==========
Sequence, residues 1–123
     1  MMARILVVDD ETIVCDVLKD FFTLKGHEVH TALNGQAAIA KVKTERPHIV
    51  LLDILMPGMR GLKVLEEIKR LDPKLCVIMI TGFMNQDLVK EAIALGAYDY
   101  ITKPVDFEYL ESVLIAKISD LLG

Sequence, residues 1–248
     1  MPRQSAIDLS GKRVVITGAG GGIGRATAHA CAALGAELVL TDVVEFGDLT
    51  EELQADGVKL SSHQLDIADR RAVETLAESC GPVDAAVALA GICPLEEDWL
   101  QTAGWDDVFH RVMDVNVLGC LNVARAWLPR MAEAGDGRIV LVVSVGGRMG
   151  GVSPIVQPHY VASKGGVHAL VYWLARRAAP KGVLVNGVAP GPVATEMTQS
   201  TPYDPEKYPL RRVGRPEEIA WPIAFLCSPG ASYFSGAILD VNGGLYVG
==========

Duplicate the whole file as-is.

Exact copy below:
Sequence, residues 1–123
     1  MMARILVVDD ETIVCDVLKD FFTLKGHEVH TALNGQAAIA KVKTERPHIV
    51  LLDILMPGMR GLKVLEEIKR LDPKLCVIMI TGFMNQDLVK EAIALGAYDY
   101  ITKPVDFEYL ESVLIAKISD LLG

Sequence, residues 1–248
     1  MPRQSAIDLS GKRVVITGAG GGIGRATAHA CAALGAELVL TDVVEFGDLT
    51  EELQADGVKL SSHQLDIADR RAVETLAESC GPVDAAVALA GICPLEEDWL
   101  QTAGWDDVFH RVMDVNVLGC LNVARAWLPR MAEAGDGRIV LVVSVGGRMG
   151  GVSPIVQPHY VASKGGVHAL VYWLARRAAP KGVLVNGVAP GPVATEMTQS
   201  TPYDPEKYPL RRVGRPEEIA WPIAFLCSPG ASYFSGAILD VNGGLYVG